Looking at the headlines over the last two years, you could be forgiven for thinking that investors have experienced poor returns. It has been a rocky ride for sure as the trade dispute between the US and China has escalated, the chances of a no-deal Brexit have risen with the rise of Boris Johnson, and more recently the protests in Hong Kong threaten to undermine an important financial hub for China. All this should surely point to poor returns for investors?
On reviewing returns though, we have found investors had done reasonably well over this period. Both European and American shares are up over the twelve months to the end of August, and investors in other asset classes like government bonds and gold have done well. The Irish stock market, however, has lagged more recently, affected by the ongoing uncertainty being played out in the House of Commons.
While the headlines fill airtime or newspaper columns, they may be full of little other than short-term concerns. The truth is that heightened political risk often does not translate into lower market returns over the medium term. This is not to say that issues like US-China trade tensions or Brexit don’t matter, they do. Triggers for market uncertainty can come from a variety of macro-economic factors such as interest rates, inflation, unemployment and economic growth. One thing we can be certain about when investing is that there will be volatility.
It is easy for investment professionals to say downturns are normal but that doesn’t make them any less uncomfortable for those invested. History shows us time and again that equity markets have the ability to recover from declines and provide positive long-term returns. Fidelity has shown that over the last 35 years, the US stock market has experienced an average drop of 14% from peak to trough each year, but still had positive annual returns in more than 80% of those years within timeframe. While googling ‘strategies for uncertain times’ will generate vast number of articles providing tips, the biggest takeaway from any article should be: keep your perspective and know what your end goal is.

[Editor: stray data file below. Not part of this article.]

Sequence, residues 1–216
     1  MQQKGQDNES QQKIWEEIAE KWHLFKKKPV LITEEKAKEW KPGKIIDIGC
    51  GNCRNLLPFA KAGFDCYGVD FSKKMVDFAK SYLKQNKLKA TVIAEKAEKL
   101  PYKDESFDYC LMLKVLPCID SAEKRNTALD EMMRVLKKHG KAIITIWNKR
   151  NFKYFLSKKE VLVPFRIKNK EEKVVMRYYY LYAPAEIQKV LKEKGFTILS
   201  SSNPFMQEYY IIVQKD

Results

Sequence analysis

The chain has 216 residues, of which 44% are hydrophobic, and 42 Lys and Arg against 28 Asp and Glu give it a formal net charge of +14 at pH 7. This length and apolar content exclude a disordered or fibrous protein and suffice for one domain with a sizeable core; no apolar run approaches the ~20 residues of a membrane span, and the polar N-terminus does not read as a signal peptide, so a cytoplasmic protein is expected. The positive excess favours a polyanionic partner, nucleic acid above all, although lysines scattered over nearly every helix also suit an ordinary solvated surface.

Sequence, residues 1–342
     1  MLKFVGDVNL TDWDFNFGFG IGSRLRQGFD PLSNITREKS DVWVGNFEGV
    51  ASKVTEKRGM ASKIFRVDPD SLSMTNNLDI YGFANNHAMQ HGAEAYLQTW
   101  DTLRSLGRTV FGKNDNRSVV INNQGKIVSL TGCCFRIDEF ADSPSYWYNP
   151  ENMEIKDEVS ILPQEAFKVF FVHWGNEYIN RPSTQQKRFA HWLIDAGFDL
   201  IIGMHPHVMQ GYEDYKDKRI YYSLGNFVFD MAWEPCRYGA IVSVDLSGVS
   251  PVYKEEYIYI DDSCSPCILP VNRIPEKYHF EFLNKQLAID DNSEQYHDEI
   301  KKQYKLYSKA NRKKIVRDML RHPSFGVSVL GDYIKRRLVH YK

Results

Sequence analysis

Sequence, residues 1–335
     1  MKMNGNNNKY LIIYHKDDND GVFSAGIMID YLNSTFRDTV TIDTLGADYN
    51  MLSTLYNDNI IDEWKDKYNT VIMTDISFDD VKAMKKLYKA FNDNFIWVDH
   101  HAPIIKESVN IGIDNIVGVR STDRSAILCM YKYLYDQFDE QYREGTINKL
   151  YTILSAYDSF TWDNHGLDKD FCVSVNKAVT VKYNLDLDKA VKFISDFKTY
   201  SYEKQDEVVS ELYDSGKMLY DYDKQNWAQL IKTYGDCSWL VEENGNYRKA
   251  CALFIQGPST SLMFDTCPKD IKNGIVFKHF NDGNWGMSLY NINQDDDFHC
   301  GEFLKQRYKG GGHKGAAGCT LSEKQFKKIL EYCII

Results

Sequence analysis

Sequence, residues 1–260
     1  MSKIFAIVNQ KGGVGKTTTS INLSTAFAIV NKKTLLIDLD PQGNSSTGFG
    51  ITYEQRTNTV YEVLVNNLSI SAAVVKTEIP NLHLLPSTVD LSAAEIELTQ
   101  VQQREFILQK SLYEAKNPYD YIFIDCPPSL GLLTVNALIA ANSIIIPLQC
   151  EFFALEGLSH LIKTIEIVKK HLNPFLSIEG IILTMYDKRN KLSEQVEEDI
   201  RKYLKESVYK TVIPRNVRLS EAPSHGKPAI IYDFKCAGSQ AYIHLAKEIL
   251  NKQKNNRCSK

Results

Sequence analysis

So if you are looking for tips on how to grit your teeth and invest even when the outlook seems so uncertain, here are my top three simple tips below.
- Time in the market, not timing the market
Avoiding the temptation to time the market is perhaps the most important lesson for investing in uncertain times. If you could avoid being invested on the bad days and fully invested on the good ones, you would be greatest investor of all time. The problem is, it is impossible to consistently predict when those good and bad days will happen. American Century Investments have shown the effect on portfolios by trying to time markets and the effects on valuation by missing the strongest days within a period. Their analysis highlighted staying invested throughout a cycle resulted in the best return for long-term investors.
Investors in shares benefit from both capital growth and dividends, with dividends simply the share of profits a business pays out to its shareholders. Over time, the contribution of reinvested dividends to your total return can be substantial, sometime contributing more than half your total return. Trying to time the market, or buy low and sell low, means you miss out on the power of reinvested dividends.